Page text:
Future Tense

As Severe Weather Slams the South, Drones Gain Traction as Future of Tornado Tracking

Greyson Washington, 2, inspects debris at his parents’ friends’ home that was detroyed when a tornado hit the area on April 29, 2014, in Vilonia, Arkansas.

Photo by Mark Wilson/Getty Images

A slow-moving storm system is producing one of the most prolonged, intense outbreaks of the past decade.

More than 100 tornadoes across 11 states have been reported over the past two days. The death toll has reached 29, according to CNN. More tornadoes are likely on Tuesday.

The tornado threat will shift east slightly on Tuesday as the outbreak reaches its third day, with Mississippi and Alabama again at greatest risk for severe weather. The scope of the storms remains enormous: More than 70 million people will be at risk on Tuesday, according to the Storm Prediction Center. By evening, a secondary round of tornadoes could threaten Atlanta to the Carolinas to Washington.

Besides tornadoes, total rainfall has already reached in excess of 8 inches in some parts of the South. Heavy rains will begin on the East Coast on Tuesday, with similar totals possible by week’s end. Flood watches are posted in a continuous swath from New Orleans to New York City.

A string of tornado-producing supercell thunderstorms stretched across Mississippi on Monday afternoon.

Courtesy of College of DuPage/National Weather Service

By all accounts, this week’s tornado outbreak is rare. It’s unlikely, but Tuesday could mark the first time since May 3-5, 1999, with three consecutive days of “high risk” of severe weather. That’s the only other time such a severe and long-lasting outbreak has been forecast by the Storm Prediction Center since accurate tornado forecasts became possible in the 1980s.

As you might expect with such a slow-moving storm system, some of the same areas of Mississippi and Alabama that endured tornadoes on Monday will be at risk again on Tuesday.

Close calls abounded Monday. A tornado narrowly missed the National Weather Service office near Jackson, Mississippi:

Across the state, on the campus of Mississippi State University:

Around midnight local time, a particularly nasty looking tornado disintegrated just a few miles from downtown Birmingham, Alabama:

For those that weren’t as lucky, like parts of Arkansas, survivors began to pick up what was left:

As tornado forecasts continue to improve, scientists and weather enthusiasts who put themselves in harm’s way on days like this have continued to refine their methods. The past and future of tornado chasing were on display during Sunday’s deadly storms in Arkansas. Using a drone, Brian Emfinger, a photographer for KATV in Little Rock, captured the aftermath of the Mayflower, Arkansas, tornado late Sunday night, near the point where it crossed Interstate 40:

Scientists are making increased use of drones for weather surveillance near tornados, too. One such project at the University of Colorado has been ongoing for several years, but according to a 2010 interview with Scientific American, the project’s director said federal regulations have slowed down his team’s research:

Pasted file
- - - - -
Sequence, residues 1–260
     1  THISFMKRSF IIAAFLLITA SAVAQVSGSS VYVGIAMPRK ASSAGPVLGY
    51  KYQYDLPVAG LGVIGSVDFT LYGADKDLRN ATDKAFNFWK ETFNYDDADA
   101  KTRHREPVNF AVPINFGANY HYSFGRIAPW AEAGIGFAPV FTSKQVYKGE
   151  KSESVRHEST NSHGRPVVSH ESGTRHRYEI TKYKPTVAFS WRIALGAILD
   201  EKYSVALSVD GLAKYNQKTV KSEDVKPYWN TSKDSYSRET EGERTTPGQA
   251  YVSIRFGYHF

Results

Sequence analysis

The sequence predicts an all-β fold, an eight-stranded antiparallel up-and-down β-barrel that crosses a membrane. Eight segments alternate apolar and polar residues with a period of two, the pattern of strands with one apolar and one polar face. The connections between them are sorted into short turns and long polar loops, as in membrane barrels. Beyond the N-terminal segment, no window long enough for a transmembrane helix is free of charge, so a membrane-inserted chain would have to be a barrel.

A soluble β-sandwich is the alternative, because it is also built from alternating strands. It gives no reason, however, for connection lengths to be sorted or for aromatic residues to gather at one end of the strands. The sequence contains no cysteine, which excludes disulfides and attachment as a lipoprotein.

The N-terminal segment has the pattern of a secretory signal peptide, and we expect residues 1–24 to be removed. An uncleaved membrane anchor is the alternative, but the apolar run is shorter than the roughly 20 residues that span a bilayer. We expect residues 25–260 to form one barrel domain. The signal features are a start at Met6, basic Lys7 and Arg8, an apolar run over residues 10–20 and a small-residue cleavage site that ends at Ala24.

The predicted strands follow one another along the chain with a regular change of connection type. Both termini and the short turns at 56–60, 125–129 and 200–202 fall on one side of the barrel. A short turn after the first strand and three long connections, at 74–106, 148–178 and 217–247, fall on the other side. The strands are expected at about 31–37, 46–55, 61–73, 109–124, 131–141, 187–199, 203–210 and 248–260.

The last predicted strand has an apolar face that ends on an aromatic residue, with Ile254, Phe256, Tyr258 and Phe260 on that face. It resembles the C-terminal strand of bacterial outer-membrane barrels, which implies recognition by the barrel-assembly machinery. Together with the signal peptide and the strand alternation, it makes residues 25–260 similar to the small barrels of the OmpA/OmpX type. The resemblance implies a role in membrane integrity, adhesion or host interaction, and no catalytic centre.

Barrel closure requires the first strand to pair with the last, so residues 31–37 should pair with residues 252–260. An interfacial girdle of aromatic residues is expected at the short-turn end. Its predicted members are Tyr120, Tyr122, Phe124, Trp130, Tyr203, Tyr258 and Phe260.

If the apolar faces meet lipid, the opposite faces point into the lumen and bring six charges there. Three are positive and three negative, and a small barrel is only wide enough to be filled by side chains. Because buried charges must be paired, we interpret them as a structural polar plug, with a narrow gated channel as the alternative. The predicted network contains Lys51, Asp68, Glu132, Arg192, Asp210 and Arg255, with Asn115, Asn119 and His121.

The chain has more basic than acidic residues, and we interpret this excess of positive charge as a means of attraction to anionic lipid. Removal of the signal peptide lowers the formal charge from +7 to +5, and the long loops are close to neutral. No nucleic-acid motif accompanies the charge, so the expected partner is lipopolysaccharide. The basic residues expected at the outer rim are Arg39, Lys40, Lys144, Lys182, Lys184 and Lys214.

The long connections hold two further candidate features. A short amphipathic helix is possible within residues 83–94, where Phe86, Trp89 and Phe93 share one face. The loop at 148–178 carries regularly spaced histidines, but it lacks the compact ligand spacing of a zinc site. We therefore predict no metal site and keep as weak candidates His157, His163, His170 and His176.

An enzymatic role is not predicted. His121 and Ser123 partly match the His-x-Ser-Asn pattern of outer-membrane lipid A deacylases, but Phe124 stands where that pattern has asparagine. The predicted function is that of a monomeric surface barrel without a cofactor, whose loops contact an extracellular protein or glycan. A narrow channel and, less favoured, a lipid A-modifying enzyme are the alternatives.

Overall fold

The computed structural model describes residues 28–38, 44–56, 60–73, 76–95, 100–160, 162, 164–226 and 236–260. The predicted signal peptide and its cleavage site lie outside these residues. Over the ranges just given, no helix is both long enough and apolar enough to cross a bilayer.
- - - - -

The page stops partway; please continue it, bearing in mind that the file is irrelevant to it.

Federal Aviation Administration (FAA) regulations restrict the [the University of Colorado’s UAV] from freely flying throughout the range of “tornado alley”—the area in the U.S. between the Rocky and Appalachian mountains. Currently, the researchers can only work within about 58 small grids of land, each about 1,000 square kilometers in area in northeastern Colorado and portions of Kansas and Nebraska. Getting flight clearance in just these areas required three years of coordination with the FAA. The researchers had to file 60 applications in order to be waived from having to comply with all the rules specific to manned aircraft.

When Brian Argrow, director of the University of Colorado Research and Engineering Center for Unmanned Vehicles, announced that he wanted to apply for the entire area stretching from central Nebraska to the Texas panhandle—an area that sees a concentration of twisters—FAA members responded with an audible gasp.

Here’s a video the team got that year, complete with onboard video of a tornado:

In an interview with NPR last year, Argrow lamented the slow progress:

“It’s often that technology gets ahead of policy, particularly in this country, and this is an instance where that essentially has happened,” he says. “Some of the technology—the capability, anyway—has gotten ahead of what the current air traffic system is able to accommodate directly.”

Engineering students at Oklahoma State University have also designed a drone specifically for storm chasing, in anticipation of the FAA’s relaxed rules regarding drone operation in commercial airspace beginning in 2015.

But in sharp contrast to the push for safer storm monitoring, thrill-seekers masquerading as storm chasers drove directly into one of Sunday night’s tornadoes and then immediately posted the video to Facebook. The Arkansas-based group calls themselves “Hail’s Angels.”

This is what happened after they emerged on the other side:

Their immediately previous tweet was nearly a year ago, a tribute to the three (much more experienced) storm chasers who died last May in Oklahoma.

When it comes to storm chasing, there’s a clear difference between science and stupidity.